During the relapse the duration and severity of a higher level of disease activity seems limited. DMARDs in a low maintenance dose were restarted immediately if DAS rose to ≥1.6 and the large majority again achieved clinical remission within 3–6 months. During the flare the DAS increased to a low disease activity level in 72% of patients; few experienced high disease activity during the flare. The temporarily higher DAS level might have contributed to the slightly higher (non-significant) joint damage progression in the restarters than in the SDFR patients. Another explanation could be that the restarters had less favourable characteristics than the SDFR patients, including a higher percentage of anti-CCP-positive patients, leading to a higher risk of progression.24 This is supported by the observation that, before discontinuing DMARDs, restarters already had more joint damage than patients retaining remission (median SHS 5.0 vs 1.5).

Since DMARDs were stopped in all patients in prolonged remission, it is unknown what the flare rate would have been if treatment had been continued. Ten Wolde et al found that, in patients who continued treatment, the flare rate was also considerable (22%) but significantly lower than in patients discontinuing treatment (38%).9 Being aware of the differences in patient population, these findings suggest that part of the flares we observed could have happened even if DMARDs were continued.

In summary, in 23% of patients with recent-onset RA, DMARDs could be discontinued because of prolonged clinical remission. Based on strict criteria, almost half of them had to restart treatment. The presence of anti-CCP was the strongest predictor for restarting treatment. The large majority of patients who lost remission remained in low disease activity, regained clinical remission shortly after reintroduction of low-dose monotherapy and showed no joint damage in the year of the restart. We therefore propose that, under continued tight control, discontinuation of the last DMARD can be considered in patients in stable clinical remission. The final decision whether or not to withdraw treatment in an individual patient should be made by the physician and patient together, carefully weighing the advantages and disadvantages.

Acknowledgments

The authors thank all patients and the following rheumatologists (other than the authors) who participated in the Foundation for Applied Rheumatology Research (all locations are in The Netherlands): W M de Beus (Medical Center Haaglanden, The Hague); C Bijkerk (Reinier de Graaf Gasthuis, Delft); M H W de Bois and G Collée (Medical Center Haaglanden, The Hague); J A P M Ewals (Haga Hospital, The Hague); A H Gerards (Vlietland Hospital, Schiedam); R J Goekoop (Haga Hospital, The Hague); B A M Grillet (ZorgSaam Hospital, Terneuzen); J M W Hazes (Erasmus Medical Center, Rotterdam); H M J Hulsmans (Haga Hospital, The Hague); M H de Jager (Albert Schweitzer Hospital, Dordrecht); J M de Jonge-Bok (retired); M V van Krugten (Admiraal de Ruyter Hospital, Vlissingen); H van der Leeden (retired); W F Lems (VU Medical Center, Amsterdam); M F van Lieshout-Zuidema (Spaarne Hospital, Hoofddorp); A Linssen (retired); P A H M van der Lubbe (Vlietland Hospital, Schiedam); C Mallée (Kennemer Gasthuis, Haarlem); T H E Molenaar (Groene Hart Hospital, Gouda); M van Oosterhout (Groene Hart Hospital, Gouda); H C van Paassen (Sint Franciscus Gasthuis, Rotterdam); A J Peeters (Reinier de Graaf Gasthuis, Delft); H K Markusse (deceased); H K Ronday (Haga Hospital, the Hague); D van Schaardenburg (VU Medical Center, Amsterdam and Jan van Breemen Institute, Amsterdam); A A Schouffoer (Groene Hart Hospital, Gouda); P E H Seys (Lievensberg Hospital, Bergen op Zoom); R M van Soesbergen (retired); P B J de Sonnaville (Admiraal de Ruyter Hospital, Goes); I Speyer (Bronovo Hospital, The Hague); K S S Steen (Kennemer Gasthuis, Haarlem); J Ph Terwiel (retired); A E Voskuyl (VU Medical Center, Amsterdam); M L Westedt (Bronovo Hospital, The Hague); S ten Wolde (Kennemer Gasthuis, Haarlem); J M G W Wouters (Sint Franciscus Gasthuis, Rotterdam); D van Zeben (Sint Franciscus Gasthuis, Rotterdam). We would also like to thank all other rheumatologists and trainee rheumatologists who enrolled patients in this study, and all research nurses for their contributions.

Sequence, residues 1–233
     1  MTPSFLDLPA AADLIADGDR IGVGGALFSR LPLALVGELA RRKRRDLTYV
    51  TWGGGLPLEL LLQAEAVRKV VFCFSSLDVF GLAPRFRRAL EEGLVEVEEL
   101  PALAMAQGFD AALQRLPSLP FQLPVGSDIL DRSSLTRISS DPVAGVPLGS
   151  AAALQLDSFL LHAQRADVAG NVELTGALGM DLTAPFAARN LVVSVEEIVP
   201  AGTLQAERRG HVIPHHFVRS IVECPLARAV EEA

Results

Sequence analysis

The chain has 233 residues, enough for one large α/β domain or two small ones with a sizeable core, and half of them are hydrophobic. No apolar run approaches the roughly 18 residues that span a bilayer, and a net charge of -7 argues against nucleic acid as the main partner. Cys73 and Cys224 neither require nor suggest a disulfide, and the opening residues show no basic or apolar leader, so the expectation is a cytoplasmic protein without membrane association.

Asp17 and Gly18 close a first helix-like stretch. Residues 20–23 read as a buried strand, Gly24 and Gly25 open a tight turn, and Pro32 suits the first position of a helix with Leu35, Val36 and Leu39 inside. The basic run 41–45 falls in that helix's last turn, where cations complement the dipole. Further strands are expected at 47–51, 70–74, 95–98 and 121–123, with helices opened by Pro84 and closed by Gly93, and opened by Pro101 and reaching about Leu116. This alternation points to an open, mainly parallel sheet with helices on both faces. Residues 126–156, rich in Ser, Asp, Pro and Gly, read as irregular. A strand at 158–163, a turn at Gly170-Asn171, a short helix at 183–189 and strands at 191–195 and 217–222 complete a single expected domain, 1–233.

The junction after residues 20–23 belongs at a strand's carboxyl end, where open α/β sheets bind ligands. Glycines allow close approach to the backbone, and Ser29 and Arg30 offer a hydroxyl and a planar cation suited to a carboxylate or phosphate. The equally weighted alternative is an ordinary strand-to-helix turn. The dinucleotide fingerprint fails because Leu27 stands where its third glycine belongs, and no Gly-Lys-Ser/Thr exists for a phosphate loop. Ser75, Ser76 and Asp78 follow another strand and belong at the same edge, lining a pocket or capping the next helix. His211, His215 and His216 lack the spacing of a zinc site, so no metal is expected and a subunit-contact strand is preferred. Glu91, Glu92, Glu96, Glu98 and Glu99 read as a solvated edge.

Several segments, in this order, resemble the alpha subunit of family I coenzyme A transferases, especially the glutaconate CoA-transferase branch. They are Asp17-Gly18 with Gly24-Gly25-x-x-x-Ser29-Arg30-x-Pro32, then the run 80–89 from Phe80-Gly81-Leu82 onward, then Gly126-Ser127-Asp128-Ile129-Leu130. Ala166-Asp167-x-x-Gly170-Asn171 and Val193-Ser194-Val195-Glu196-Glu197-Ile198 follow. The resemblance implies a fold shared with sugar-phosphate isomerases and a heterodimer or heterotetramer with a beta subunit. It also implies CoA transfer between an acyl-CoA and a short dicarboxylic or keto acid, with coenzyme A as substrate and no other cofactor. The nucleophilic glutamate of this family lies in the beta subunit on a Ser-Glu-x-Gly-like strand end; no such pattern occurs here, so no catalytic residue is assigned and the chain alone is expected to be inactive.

References

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Footnotes

  • Funding This study was funded by a grant from the Dutch College of Health Insurances (College Voor Zorgverzekeringen) with additional funding provided by Scheringh-Plough BV and Centocor. The authors, not the sponsors, were responsible for the study design, collection, analyses and interpretation of all data, the writing of the article and the decision to publish.

  • Competing interests TWJH, BACD and CFA received speakers' fees from various pharmaceutical companies (less than US$5000 per year).

  • Ethics approval This study was conducted with the approval of the medical ethical committees of the participating hospitals. All patients gave written informed consent.

  • Provenance and peer review Not commissioned; externally peer reviewed.